• The increasingly common recognition that a single work environment won’t suit every worker

Flexible arrangements have featured in the Fair Work Act for several years. However, the Covid pandemic fundamentally changed the way many jobs are performed. For example, it highlighted how much office work could, in fact, be performed remotely.

The pandemic also significantly increased work pressures on essential workers such as health care workers, highlighting the need to take extra steps to support wellbeing and career longevity.

Flexible arrangements have featured in the Fair Work Act for several years. However, the Covid pandemic fundamentally changed the way many jobs are performed. For example, it highlighted how much office work could, in fact, be performed remotely.

The pandemic also significantly increased work pressures on essential workers such as health care workers, highlighting the need to take extra steps to support wellbeing and career longevity.

Flexible work arrangements are now more important than ever, more scrutinised than ever, and more likely to evolve. It’s widely recognised that when lifestyle requests are accommodated, employees:

  • Often find it easier to come to work
  • Often find it easier to perform their work
  • Are generally happier

increases, and employee retention improves. In addition, stress levels are lowered, allowing more mental energy for work tasks.

Many organisations consider that flexible working arrangements offer a competitive edge in attracting the best staff and reducing stress. And changing the work environment can often boost creativity, lateral thinking and problem-solving skills.

However, flexible work arrangements also have disadvantages. For example, some employers fear that employees will do the wrong thing when working flexibly – perhaps they won’t work the agreed hours or will be too distracted to complete the work. Trust is a critical issue. We recommend consulting with the employee to establish ways of measuring work volume and quality.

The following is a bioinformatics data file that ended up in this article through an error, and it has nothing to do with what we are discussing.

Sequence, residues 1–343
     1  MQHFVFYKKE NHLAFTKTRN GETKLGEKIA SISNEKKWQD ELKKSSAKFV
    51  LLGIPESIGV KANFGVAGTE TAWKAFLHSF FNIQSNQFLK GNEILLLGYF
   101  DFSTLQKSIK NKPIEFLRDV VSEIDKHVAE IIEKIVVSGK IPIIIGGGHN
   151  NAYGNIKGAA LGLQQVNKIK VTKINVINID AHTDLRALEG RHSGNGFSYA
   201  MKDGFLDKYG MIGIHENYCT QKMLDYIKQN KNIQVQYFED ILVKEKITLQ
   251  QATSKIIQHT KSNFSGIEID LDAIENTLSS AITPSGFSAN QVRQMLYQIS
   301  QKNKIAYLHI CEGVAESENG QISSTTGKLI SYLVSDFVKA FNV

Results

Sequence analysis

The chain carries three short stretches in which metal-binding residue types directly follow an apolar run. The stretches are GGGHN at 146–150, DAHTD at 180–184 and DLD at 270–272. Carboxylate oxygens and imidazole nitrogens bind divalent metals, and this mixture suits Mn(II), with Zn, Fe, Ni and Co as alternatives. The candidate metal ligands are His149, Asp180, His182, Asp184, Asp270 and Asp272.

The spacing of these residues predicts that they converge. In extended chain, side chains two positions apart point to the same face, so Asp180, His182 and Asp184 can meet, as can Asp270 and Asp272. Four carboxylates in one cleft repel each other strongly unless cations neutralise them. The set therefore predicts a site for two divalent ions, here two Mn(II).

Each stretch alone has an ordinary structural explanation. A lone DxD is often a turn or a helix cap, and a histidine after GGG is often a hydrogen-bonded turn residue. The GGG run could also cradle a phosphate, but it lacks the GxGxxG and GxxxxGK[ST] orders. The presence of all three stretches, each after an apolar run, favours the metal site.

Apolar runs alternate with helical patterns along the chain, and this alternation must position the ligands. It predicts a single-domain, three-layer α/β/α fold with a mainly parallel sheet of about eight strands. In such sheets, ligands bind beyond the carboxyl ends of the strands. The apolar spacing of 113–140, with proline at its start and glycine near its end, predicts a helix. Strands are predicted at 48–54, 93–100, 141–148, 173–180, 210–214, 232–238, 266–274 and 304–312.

For employees who negotiate arrangements for remote work, there’s the risk that an employee who is out of sight may also be out of mind. It may mean that:

  • Career progression becomes an issue
  • Task allocation may not be as effective
  • The employee may become isolated
  • Communication may be difficult

It’s important to be mindful of these issues and develop ways to help the employee stay in touch with their team.

Similarly, remote work may present workplace safety issues, so you’ll need to be assured that the home office set-up is optimal. You may need to review or establish workplace safety policies for remote work and ensure the employee complies. You’ll also have to consider how to measure this. We can help you with a workplace safety policy review. Get in touch to learn more.

Flexible work arrangements may also impact an entire team of employees, so when deciding whether to grant a request, you’ll have to consider how they will work for everyone, not just the employee making the request.

And finally

Flexible working arrangements for employees can have significant benefits for both parties. But any requests must be carefully considered to ensure compliance with workplace laws and relevant modern awards. More importantly, the arrangements must work for everyone – the employee, the team and the organisation. It means granting a request can only happen after careful consideration and investigation. Further, a refusal can potentially raise other legal issues such as discrimination, so it’s important to seek our professional help when considering a request.

Contact us for more information about flexible working arrangements for employees.